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Dental Public Health Activities: Descriptive Summaries

Advancing Oral Health for New Mexico Perinatal Populations Through Community Training

Practice Number: 34006
Submitted By: University of New Mexico College of Nursing
Submission Date: May 2019
Last Reviewed: May 2019
Last Updated: May 2019
Best Practice Approach Example Advancing Oral Health for New Mexico Perinatal Populations Through Community Training

The HRSA New Mexico Perinatal & Infant Oral Health Quality Improvement (NM-PIOHQI) project has adopted a community training model for advancing oral health education for the perinatal and infant workforce. This model employs a comprehensive and inclusive approach to oral health training of multiple provider types, agencies, and organizations that are engaged in the care and services provided to pregnant mothers and infants in a given community. 

Site-specific training for individuals is labor-intensive, particularly when there is more than one potential site in a given community. This is particularly true, where most sites require significant travel. This challenge was also experienced when trainings are hosted across multiple service units in areas of the reservation where care and service networks are clustered. By changing strategies from site-specific training, to a multi-provider, multi-organization or program approach, we are able to increase our reach in a given community. Associated costs include development of oral health trainings adaptable to multiple provider types and roles, client education and self-management materials, travel and lodging for project team.

Outcomes include increased knowledge and skills in evidence-based content, educating clients and parents, and community-specific oral health and dental resource identification. Early lessons include learning that integration of oral health into existing programs must be implemented locally. Sites are very heterogeneous and require local adaptation for integration to occur. In addition, we learned that persistent systemic and policy factors contribute to misaligned reimbursement and performance measures that interfere with efforts to improve the oral health in prenatal and infant populations. These barriers continue to have persistent limiting impacts on large scale integration of oral health into primary care for this population.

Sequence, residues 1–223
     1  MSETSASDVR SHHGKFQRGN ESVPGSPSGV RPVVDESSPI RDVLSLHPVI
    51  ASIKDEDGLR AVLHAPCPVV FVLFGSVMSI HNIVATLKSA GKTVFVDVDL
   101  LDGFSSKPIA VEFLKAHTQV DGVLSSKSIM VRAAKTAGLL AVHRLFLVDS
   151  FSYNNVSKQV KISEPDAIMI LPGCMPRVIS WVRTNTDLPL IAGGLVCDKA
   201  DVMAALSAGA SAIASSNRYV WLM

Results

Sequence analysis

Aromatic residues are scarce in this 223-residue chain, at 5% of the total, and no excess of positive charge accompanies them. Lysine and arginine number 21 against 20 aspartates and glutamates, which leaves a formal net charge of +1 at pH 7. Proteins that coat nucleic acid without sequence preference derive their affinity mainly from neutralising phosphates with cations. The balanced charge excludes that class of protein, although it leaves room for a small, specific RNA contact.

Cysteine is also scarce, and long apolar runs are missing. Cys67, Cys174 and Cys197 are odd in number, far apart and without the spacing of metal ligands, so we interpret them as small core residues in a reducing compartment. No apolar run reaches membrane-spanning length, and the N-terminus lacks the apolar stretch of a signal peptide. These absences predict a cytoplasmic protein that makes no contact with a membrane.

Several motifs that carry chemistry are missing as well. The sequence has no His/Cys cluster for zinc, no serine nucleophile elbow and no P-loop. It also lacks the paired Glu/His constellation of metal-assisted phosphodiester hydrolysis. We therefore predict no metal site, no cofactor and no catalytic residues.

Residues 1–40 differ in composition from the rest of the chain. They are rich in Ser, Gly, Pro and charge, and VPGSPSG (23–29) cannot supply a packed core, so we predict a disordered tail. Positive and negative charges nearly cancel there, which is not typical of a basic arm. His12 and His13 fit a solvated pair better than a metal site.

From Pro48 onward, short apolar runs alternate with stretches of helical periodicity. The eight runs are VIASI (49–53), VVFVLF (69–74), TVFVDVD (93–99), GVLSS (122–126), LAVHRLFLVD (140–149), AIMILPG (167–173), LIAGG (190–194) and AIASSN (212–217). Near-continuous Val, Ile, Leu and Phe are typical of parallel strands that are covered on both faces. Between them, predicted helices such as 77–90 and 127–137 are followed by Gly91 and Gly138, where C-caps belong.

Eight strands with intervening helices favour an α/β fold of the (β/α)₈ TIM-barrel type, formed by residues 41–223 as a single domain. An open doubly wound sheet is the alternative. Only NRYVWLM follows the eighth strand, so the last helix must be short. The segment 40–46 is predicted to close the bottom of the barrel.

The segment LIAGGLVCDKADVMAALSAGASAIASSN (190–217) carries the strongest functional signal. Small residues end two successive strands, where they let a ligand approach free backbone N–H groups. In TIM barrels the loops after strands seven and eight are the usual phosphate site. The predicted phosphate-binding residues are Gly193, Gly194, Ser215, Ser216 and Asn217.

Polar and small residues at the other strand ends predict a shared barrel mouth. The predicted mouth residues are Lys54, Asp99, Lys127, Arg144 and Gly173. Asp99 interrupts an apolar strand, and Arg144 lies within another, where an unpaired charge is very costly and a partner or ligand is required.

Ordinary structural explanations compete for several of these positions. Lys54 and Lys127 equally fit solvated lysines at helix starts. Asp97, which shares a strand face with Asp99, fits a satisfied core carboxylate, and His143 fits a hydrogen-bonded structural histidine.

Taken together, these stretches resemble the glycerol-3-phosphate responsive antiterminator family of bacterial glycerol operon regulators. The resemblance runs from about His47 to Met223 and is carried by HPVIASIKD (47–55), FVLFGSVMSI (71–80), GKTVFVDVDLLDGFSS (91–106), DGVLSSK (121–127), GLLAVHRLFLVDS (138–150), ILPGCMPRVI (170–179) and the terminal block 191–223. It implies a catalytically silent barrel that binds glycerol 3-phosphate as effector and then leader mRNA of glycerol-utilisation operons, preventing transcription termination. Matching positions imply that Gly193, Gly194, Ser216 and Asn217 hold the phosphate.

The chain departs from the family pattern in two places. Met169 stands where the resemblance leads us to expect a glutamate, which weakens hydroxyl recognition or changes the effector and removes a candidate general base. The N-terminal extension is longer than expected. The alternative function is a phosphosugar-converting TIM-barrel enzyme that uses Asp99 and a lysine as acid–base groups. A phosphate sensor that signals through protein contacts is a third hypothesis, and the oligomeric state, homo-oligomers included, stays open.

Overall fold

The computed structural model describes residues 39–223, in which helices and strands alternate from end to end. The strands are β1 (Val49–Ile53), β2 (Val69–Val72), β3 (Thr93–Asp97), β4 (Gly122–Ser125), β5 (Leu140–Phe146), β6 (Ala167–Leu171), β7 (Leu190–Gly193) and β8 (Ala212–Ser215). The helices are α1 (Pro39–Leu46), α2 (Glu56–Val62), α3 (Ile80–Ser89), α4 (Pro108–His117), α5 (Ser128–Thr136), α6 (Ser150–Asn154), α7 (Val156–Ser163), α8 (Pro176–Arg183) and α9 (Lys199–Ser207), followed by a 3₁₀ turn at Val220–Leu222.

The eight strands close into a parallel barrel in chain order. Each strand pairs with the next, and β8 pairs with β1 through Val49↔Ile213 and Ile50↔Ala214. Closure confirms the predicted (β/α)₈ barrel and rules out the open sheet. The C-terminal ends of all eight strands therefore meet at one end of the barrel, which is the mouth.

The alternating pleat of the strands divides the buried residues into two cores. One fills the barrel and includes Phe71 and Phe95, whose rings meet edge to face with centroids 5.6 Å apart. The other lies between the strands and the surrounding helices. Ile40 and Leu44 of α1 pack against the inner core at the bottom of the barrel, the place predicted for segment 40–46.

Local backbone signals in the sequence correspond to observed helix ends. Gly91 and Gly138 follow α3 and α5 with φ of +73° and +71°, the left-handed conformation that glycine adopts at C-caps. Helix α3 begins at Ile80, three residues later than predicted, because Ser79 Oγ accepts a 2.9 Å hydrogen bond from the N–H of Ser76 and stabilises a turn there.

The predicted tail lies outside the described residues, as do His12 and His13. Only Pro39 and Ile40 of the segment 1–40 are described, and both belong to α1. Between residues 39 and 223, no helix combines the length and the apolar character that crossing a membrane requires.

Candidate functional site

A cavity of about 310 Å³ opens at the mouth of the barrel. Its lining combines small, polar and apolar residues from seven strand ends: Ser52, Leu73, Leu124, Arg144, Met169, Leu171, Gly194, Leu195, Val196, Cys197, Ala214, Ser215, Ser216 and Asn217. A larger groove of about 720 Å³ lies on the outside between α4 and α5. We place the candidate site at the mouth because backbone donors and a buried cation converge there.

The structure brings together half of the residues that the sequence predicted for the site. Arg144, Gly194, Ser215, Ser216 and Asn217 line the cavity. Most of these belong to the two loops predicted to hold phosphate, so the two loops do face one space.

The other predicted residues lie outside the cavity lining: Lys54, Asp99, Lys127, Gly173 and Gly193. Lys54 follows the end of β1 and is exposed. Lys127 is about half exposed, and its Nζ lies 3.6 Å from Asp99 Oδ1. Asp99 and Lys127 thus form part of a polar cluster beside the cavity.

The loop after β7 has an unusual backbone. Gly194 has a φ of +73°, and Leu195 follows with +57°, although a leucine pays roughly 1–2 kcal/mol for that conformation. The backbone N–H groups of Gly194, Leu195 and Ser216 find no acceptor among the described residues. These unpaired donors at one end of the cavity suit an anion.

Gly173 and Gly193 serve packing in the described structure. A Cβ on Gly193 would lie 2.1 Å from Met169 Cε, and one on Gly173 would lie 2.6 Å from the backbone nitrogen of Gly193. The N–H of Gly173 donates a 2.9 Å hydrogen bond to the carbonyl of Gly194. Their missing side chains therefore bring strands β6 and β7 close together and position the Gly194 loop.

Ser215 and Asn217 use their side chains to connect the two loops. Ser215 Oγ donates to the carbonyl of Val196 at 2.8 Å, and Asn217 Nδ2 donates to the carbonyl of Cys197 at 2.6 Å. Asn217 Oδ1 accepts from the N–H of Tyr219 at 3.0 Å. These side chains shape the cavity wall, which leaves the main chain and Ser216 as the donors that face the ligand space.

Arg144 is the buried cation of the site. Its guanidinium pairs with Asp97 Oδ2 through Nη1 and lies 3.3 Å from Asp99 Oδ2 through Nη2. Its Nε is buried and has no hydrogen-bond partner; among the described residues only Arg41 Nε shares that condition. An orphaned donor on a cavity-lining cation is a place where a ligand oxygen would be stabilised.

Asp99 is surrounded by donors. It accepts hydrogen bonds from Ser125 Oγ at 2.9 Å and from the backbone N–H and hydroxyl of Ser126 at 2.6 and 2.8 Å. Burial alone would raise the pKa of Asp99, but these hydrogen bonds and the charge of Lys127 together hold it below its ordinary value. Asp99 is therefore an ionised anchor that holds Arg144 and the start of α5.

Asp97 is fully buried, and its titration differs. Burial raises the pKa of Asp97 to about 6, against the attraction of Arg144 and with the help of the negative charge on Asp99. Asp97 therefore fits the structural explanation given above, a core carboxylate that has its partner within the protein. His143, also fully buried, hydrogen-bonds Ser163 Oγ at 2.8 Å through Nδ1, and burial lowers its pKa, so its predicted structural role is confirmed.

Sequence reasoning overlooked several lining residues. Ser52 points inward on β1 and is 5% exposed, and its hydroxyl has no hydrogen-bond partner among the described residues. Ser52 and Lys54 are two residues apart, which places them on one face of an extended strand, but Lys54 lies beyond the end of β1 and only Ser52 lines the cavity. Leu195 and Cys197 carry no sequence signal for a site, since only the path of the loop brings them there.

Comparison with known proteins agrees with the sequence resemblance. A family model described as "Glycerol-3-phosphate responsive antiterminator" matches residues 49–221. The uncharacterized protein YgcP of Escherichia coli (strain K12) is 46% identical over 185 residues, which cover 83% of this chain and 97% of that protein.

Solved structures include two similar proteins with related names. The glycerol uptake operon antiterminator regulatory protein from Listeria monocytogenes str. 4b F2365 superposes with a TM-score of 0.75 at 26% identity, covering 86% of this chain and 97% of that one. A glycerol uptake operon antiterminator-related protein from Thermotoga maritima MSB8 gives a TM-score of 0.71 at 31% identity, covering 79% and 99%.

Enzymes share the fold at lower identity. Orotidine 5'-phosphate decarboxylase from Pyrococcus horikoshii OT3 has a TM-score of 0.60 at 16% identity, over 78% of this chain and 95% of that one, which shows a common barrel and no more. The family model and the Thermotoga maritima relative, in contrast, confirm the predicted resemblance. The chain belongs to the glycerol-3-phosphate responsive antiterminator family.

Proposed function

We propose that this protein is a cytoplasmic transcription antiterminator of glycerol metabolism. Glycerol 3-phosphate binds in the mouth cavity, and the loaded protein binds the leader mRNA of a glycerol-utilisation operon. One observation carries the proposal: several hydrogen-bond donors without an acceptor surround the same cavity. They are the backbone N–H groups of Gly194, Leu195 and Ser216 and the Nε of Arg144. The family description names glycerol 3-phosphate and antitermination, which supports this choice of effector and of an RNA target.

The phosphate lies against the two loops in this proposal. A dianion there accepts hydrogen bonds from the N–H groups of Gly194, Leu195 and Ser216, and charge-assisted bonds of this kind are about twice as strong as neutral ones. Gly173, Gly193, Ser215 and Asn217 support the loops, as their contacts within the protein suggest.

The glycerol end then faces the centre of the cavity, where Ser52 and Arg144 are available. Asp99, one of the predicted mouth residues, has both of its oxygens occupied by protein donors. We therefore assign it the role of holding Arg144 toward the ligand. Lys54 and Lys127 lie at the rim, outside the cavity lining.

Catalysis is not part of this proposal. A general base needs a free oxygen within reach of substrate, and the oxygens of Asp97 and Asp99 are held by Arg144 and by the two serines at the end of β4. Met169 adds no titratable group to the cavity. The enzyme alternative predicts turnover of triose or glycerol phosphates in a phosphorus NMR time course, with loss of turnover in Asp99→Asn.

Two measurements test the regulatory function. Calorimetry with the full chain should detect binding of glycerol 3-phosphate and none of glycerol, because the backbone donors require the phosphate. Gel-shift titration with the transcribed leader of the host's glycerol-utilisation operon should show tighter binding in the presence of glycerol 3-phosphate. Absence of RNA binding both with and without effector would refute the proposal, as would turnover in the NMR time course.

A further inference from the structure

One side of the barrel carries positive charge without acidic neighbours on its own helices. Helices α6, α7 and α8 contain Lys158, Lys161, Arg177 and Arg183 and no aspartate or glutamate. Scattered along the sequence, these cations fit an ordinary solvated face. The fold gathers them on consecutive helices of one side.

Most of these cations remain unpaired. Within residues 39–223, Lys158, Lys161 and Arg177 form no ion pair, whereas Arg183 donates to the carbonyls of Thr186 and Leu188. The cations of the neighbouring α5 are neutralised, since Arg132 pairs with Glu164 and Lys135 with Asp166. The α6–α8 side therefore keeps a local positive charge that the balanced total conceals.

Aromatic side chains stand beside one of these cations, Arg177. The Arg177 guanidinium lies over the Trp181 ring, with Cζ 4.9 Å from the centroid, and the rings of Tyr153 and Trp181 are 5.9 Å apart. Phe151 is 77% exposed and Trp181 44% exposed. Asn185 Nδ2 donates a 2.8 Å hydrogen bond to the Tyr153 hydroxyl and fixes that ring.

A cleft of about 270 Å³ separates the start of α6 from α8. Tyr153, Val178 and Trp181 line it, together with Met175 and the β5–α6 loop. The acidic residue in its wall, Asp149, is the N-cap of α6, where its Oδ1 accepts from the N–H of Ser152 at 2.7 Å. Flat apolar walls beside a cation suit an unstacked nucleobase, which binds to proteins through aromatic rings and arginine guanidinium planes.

Lessons Learned:

One of the most important lessons learned early on in our fragmented oral health and healthcare systems is that integration of oral health into existing programs is very much a local implementation. Sites are heterogeneous and require local adaptation for integration to occur. We started from a perspective of proposing integration of our entire program manual and quickly moved to a more consultative approach where program content is offered, but sites tend to choose parts most relevant to their scope and capacity. This has been consistent across clinical sites, community agencies, and home visitor programs. While content is to a large degree similar, implementations are local events and may vary significantly.

Large systemic challenges continue to significantly limit implementation. For example, in NM the issue of incorrect reimbursement by Medicaid payers for fluoride varnish has been an ongoing barrier to integrating fluoride varnish into well child visits for 0-3-year olds in primary care settings since 2014. It was first discovered during project activities in 2016, and remains unresolved today. An additional challenge from a policy perspective relates to current focus of our Medicaid managed care organizations on the oral health HEDIS performance indicator for only annual dental visit for adolescents, does not address pre-school needs, nor does it support state Title V oral health performance improvement aims. In short, the system barriers slowing large scale integration of oral health for prenatal and infant populations stem largely from a lack of policy alignment with what have been long-standing clinical standard of care recommendations. This is evidenced by reliance on performance measures that do not support integration and reimbursement barriers. These are continuing to be addressed with NM Human Services Medical Assistance Division

Contact Person(s) for Inquiries:

Jan Martin, DNP, RN, CCM, PAHM, Assistant Professor, University of New Mexico College of Nursing, University of New Mexico, Albuquerque, NM 87131, Phone: 505-720-2523, Email:

Anthony Cahill, PhD, Director, University of New Mexico Center for Development and Disability, 2300 Menaul Blvd, Albuquerque, NM 87107, Phone: 505-272-2990, Email: